I try not to use this blog too often to talk about my job, because that’s not what it is meant to be about.
But having been heavily involved in the new digital project in Reading, I thought I’d use the blog to counter some of the complete bobbins which has been written by supposed journalism experts.
I’m not going to divulge detailed editorial plans (sorry), not least because they are for publisher Ed Walker to talk about when the time is right. But there are some things I do want to share.
It should go without saying that nobody ever wants to close a print title. I started in print almost 20 years ago and still love reading newspapers.
But it’s clear to anyone who knows the industry that as more and more people consume news online instead of in print, some newspapers will reach a point where an online-only future is their only future.
Yet too many people still confuse local journalism with the platform it is published on. The two are very different things, and the future of local journalism hinges on finding the right platform to reach as many people as possible.
There’s been a lot of talk about the sort of content our team in Reading, led by publisher Ed Walker, will produce. The doom-mongers insist it will all be click bait listicles along with quizzes, picture galleries and User Generated Content.
And yes all of those will be part of the mix – why sneer at content which people clearly want to read? That sort of journalism snobbery only serves to alienate readers, the people we rely on to remain in business.
But that’s far from all we will be doing. On the GetReading website, you can see clues about the sort of content we’ll focus on as the new team is announced. Local news will still be covered, local sport will still be covered. It won’t be just car crashes and missing from homes – although it’s wrong to sneer at coverage of those. Journalism shouldn’t ignore what is well-shared on Facebook, but also shouldn’t be constrained by that metric.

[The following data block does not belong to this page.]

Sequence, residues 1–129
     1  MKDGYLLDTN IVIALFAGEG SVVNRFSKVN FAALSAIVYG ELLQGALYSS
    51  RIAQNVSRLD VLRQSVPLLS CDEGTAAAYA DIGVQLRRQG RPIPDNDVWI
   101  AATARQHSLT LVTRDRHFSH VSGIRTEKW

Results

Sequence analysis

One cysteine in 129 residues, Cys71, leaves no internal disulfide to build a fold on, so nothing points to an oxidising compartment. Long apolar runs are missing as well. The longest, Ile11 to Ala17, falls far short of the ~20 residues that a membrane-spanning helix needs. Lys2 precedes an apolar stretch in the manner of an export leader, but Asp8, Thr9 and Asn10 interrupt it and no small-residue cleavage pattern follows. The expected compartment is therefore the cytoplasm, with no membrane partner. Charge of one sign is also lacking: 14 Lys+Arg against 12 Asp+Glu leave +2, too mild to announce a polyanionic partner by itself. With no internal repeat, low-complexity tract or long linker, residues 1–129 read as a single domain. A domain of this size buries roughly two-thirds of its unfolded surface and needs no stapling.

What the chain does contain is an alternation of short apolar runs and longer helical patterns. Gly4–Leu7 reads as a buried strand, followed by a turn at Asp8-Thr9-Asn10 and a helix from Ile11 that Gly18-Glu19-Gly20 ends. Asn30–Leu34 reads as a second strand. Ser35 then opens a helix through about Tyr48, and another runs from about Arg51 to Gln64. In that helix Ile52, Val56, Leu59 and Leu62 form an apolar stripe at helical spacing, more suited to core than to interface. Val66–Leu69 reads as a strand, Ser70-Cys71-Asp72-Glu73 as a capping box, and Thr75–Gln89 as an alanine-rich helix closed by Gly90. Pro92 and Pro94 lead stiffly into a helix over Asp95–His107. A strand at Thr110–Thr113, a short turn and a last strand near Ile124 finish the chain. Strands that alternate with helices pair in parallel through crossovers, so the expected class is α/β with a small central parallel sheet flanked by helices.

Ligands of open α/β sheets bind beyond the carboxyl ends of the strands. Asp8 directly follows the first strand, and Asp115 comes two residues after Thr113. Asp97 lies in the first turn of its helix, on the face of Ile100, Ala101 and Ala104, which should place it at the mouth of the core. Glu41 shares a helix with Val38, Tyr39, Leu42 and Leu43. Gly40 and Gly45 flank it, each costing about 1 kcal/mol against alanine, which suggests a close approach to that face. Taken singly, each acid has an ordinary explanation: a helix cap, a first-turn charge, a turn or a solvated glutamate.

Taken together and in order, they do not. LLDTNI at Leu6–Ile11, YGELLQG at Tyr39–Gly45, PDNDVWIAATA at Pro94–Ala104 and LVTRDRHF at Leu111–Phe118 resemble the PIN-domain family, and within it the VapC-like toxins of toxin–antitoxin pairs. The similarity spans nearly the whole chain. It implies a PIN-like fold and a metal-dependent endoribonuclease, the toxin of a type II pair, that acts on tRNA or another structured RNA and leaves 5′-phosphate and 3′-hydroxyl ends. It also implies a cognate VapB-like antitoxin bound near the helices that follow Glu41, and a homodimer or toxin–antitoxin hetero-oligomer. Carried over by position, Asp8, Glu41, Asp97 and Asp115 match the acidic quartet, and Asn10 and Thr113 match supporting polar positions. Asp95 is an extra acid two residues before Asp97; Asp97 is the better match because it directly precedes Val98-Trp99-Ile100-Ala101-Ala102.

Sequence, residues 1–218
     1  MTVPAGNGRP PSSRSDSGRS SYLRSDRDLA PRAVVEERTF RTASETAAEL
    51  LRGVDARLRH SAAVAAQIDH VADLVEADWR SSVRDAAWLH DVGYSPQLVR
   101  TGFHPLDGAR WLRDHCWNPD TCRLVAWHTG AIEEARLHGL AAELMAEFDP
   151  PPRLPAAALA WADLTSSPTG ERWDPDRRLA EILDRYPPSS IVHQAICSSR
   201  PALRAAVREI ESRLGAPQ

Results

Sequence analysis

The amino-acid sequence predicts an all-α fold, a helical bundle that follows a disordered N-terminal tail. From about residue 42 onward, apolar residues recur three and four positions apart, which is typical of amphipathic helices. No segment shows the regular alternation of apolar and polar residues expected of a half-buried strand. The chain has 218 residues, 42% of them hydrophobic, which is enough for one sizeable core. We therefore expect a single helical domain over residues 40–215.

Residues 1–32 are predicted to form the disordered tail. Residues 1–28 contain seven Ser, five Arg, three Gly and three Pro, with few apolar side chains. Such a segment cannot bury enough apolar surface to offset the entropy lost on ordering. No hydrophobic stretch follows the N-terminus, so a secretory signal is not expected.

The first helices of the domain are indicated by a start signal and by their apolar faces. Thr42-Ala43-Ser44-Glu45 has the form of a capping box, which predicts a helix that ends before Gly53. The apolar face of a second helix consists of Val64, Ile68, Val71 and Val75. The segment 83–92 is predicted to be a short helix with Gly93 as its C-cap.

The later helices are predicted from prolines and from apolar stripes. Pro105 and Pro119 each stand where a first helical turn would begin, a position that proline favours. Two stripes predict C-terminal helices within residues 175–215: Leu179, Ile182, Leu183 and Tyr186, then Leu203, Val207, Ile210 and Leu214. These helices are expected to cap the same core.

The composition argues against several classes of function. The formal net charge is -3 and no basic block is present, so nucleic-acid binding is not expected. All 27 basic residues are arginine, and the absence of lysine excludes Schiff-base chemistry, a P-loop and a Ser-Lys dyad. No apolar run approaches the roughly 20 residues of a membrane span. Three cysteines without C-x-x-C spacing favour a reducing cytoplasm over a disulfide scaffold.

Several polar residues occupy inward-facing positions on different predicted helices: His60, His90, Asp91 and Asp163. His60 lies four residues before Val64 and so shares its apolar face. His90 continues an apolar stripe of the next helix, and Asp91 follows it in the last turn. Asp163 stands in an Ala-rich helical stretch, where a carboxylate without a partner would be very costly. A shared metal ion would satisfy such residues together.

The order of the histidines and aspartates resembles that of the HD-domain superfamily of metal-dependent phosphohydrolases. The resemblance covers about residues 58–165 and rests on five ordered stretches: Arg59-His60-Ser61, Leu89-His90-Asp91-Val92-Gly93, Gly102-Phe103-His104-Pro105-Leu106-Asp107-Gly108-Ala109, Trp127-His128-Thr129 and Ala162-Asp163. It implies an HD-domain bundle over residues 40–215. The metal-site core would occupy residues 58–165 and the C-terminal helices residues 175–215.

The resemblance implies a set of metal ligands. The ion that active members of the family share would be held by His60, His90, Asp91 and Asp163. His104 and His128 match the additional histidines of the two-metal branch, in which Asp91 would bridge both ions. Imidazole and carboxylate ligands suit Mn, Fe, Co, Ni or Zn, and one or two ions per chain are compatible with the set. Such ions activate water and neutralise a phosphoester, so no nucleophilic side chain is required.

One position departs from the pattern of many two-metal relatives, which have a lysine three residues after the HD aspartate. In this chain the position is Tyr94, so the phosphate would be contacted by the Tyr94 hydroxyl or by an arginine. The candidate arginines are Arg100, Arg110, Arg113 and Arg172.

Councils will still be covered, courts will still be covered. The underlying principles of local journalism don’t change just because the platform does. Local news brands, be they in print or online-only, need to connect with readers. They need to fight on behalf of readers and provide the information they need to help them live their lives. And make them smile too.
My belief is this: We should give people what they want, when they want it and how they want it. That means keeping a very close eye on audience data and doing more of the stuff that works.
If there is stuff which we think is important but doesn’t appear to be appealing to audiences, we need to ask why and find a way to make it work.
And yes, there is stuff which we won’t be doing which traditionally we would do in print. Another side of the online revolution is the ability people now have to self-publish. In that context, we have to prioritise the content which others won’t be doing. Do what you do best, and link to the rest is a well-worn digital mantra, but also a correct one.
Print was always a moment in the day, a snapshot in time which people chose to set aside half and hour to read about. That worked for us for generations, and for the reader too. And for many millions of people a week, it still works for them.
But it’s a different world now. Audiences are more demanding, and there is more competition out there. Our job is to stand out and be different to the others – and we do that by staying true to the values we’ve always held. Trust is everything.
We need to convince people that we should be part of their daily lives, several times a day if possible. None of this will come as a shock to anyone who is familiar with any of the websites where we’ve already rolled out our new newsrooms, and the audience is responding positively to it.
Journalism doesn’t die when it’s done ‘just’ online – it has the potential to reach more people than ever before, and have a far greater impact as well. Local journalism shouldn’t be defined by the way it is consumed – print, online, mobile etc – but by the way the audience react to it.
A newspaper closing is always sad. But Reading will prove that local journalism is alive and well and attracting bigger audiences than ever before.
Love the journalism, not just the platform.